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The Fourth Statistical Account of East Lothian

Belief

The white building of the Church of Scotland, St Bothan’s sits prominently at the junction of the Haddington and the Duns road, surrounded by its churchyard.

The majority of parish residents are members of the Church of Scotland, but with the influx of new home owners there are a few who attend the Episcopal church or the RC chapel in Haddington.

There was a United Free Church (St Andrews) in Duns Road next to the former manse, which closed in the 1930s, and was sold in 1935. Circa 1960-62, the church was converted into two houses, St Andrew’s Cottage and Kirkbrae, and St Andrew’s Manse was sold. The St Bothan’s manse (now Tweeddale House) in Haddington Road was sold in the 1970s and a new manse was built in Tweeddale Avenue.

Humbie and Yester churches were linked in 1977 and Bolton and Saltoun parishes linked with Yester in 1979. There is a session clerk and 20 elders. The joint parishes’ minister is based at the manse in Yester, and services are rotated around the four parishes and sometimes joint services are held. There is a weekly service on Sundays 11.30–12.15pm and communion three times a year. Young people attended bible classes for about six weeks before being accepted into the Church of Scotland on confirmation.

The Gifford branch of the Royal British Legion participates in the Remembrance Day service. Special events have included a Flower Festival to commemorate the 500th anniversary of the church bell (1492).

Ministers
1920-59 John Cumming
1960-73 George D. Monro
1973-77 Vacant
1973 Yester linked with Humbie
1977-84 Allan Scott
1979 Yester and Humbie linked with Bolton and Saltoun
1985-97 John Wilson (an excellent piper)
1999-date Donald Pirie

I attended Yester parish church, a large T-shaped church built in 1708 with cream coloured walls, a high ceiling with two galleries and a laird’s loft gallery for the Marquis of Tweeddale. The carved oak pulpit is thought to have been brought from the old church of Bothans at Yester House. The organist, Mrs Betty Hogg, served for over 40 years. I remember sitting on the hard pews and scratching our initials with our pennies which were collected in red velvet bags. Special services included harvest festival, remembrance service with British Legion parade, guides, brownies, scouts and cubs. I went to bible class before joining the Church of Scotland.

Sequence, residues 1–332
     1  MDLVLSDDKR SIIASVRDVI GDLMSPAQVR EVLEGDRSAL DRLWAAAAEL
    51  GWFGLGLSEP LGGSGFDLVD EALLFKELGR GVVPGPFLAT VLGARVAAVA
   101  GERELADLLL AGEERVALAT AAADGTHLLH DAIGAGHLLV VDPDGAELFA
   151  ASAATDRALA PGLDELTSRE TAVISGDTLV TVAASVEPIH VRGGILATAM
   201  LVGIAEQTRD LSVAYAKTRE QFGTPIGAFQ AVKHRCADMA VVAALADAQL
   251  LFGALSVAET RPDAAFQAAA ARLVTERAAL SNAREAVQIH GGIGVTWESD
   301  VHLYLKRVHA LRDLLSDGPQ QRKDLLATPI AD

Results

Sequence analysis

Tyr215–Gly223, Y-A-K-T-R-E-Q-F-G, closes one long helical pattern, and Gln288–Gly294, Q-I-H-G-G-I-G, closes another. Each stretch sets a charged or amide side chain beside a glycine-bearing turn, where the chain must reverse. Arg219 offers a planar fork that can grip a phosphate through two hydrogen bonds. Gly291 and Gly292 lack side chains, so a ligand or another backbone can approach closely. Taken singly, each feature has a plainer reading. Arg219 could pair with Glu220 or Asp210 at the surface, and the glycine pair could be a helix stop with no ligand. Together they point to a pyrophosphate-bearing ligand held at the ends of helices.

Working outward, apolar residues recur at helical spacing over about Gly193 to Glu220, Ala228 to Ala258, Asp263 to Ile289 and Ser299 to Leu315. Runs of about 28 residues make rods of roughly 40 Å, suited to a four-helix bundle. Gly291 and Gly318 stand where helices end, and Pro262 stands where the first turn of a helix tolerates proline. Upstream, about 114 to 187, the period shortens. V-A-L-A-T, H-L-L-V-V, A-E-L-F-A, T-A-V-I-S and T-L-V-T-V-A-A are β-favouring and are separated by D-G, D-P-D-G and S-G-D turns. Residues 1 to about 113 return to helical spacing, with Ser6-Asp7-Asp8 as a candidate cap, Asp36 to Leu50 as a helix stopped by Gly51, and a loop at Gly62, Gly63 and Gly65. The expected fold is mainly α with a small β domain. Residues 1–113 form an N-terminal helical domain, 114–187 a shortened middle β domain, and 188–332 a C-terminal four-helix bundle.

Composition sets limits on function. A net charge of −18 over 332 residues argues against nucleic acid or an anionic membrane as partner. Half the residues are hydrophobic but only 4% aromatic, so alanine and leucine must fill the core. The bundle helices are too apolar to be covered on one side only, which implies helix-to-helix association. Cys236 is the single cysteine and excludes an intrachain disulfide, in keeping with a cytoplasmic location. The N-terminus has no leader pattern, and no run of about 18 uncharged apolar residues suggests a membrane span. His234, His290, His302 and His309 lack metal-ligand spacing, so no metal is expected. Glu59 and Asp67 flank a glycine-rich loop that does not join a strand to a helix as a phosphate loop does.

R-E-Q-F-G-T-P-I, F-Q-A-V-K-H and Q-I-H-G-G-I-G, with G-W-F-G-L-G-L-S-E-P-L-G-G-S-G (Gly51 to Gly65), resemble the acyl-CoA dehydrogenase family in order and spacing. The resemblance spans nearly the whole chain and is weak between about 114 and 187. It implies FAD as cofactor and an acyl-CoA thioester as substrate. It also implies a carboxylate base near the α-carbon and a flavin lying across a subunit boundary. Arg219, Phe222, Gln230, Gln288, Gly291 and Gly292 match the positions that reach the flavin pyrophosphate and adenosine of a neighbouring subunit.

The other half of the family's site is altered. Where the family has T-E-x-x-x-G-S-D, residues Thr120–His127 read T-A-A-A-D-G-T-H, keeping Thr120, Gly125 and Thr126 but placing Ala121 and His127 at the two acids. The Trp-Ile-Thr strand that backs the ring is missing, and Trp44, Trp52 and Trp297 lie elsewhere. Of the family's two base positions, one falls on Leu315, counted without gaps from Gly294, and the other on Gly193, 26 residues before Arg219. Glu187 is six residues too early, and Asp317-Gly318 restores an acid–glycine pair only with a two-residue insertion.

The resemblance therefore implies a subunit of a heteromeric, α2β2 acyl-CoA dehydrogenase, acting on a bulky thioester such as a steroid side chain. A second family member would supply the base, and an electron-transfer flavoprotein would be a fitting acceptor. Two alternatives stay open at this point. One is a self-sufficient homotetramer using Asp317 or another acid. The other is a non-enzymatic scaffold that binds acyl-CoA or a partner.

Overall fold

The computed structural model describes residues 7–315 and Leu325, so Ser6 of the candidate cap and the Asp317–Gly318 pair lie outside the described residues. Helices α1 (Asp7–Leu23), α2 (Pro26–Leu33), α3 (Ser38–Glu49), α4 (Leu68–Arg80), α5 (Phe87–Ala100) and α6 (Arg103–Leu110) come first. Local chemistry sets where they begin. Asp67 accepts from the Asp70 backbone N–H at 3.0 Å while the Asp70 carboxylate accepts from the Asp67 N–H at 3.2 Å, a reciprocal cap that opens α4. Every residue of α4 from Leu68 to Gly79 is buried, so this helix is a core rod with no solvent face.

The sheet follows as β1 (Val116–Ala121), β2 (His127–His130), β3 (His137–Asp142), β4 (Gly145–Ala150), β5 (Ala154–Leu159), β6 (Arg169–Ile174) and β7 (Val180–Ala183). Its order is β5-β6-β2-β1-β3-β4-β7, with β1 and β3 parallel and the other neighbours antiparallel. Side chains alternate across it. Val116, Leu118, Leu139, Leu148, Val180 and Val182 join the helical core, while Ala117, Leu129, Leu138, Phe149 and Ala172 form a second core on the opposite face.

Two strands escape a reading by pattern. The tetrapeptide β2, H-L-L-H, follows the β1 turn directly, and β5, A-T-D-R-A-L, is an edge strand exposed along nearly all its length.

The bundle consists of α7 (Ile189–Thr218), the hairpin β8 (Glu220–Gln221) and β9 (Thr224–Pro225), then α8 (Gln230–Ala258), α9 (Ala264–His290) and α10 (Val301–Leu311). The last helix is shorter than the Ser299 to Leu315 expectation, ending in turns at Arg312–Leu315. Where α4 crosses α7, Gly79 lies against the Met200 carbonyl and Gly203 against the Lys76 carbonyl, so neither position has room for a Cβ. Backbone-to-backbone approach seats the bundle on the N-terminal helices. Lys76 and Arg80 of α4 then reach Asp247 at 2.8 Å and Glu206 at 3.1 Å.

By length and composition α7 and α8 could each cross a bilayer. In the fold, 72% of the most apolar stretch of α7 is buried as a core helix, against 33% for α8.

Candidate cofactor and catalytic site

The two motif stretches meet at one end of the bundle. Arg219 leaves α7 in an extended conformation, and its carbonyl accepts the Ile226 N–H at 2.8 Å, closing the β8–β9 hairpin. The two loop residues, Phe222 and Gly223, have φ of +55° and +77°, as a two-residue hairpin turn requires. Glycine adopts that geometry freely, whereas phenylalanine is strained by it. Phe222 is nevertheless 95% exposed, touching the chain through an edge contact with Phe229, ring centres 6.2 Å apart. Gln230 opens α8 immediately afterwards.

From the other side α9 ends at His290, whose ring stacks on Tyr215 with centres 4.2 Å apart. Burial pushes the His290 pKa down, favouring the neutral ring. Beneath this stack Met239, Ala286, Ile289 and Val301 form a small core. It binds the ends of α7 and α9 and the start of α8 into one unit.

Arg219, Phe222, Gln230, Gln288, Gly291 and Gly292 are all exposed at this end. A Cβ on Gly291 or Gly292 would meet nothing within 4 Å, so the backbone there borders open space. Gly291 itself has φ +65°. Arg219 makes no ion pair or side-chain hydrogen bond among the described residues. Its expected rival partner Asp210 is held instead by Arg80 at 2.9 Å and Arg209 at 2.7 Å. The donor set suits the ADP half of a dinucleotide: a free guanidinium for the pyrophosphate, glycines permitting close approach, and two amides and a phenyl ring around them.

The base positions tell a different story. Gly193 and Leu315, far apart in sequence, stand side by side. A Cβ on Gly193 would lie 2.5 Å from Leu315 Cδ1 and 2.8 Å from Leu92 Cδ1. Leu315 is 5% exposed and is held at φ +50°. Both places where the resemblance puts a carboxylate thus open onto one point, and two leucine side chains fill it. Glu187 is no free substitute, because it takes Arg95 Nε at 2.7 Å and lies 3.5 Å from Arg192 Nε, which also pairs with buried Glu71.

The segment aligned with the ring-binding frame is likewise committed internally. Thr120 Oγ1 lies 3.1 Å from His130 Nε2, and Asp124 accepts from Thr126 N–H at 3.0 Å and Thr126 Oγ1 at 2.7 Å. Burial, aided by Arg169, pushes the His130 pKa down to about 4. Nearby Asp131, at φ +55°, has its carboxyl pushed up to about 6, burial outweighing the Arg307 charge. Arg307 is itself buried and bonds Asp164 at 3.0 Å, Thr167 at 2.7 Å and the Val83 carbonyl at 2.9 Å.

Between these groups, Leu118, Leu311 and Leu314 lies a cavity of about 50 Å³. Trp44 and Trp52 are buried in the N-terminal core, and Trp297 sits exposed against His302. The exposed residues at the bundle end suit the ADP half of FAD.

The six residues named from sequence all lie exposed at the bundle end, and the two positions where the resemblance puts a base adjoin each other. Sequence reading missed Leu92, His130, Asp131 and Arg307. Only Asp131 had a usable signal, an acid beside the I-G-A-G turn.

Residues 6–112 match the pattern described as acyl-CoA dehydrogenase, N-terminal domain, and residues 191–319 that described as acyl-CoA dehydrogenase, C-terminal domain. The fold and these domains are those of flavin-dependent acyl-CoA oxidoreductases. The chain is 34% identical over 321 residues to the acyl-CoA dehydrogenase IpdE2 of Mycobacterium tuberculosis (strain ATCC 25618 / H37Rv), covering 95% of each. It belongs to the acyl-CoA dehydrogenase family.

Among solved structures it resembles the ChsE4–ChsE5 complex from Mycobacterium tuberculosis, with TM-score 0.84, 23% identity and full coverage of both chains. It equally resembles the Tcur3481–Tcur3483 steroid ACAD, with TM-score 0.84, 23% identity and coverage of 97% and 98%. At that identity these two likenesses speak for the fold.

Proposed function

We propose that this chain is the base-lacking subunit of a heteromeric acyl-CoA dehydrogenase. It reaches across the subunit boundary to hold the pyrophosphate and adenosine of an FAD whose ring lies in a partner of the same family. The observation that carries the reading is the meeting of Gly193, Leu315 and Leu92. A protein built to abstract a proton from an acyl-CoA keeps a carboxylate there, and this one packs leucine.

The church was very cold during the war so we tried to sit close to the hot pipes. The walls used to stream with condensation. Sunday school was in the parish church and in later years in the village hall. We used to get a little card decorated with flowers and memorise the text for the following week. I remember during a service in wartime, a reserve navy officer was called out and we wondered what had happened and if the Germans had started the invasion. There was a choir of about ten people and we met for choir practice one evening during the week.

I was married in church in December 1945 and my first child was baptised there in 1947. Personally, the horrors of the war, the loss of dear friends in the services and the revelations of the likes of Buchenwald and Belsen severely dented my faith and I only attend church now for weddings and funerals. Church attendance was described as diminishing by the then minister in 1953 and the congregation is smaller now than it was then.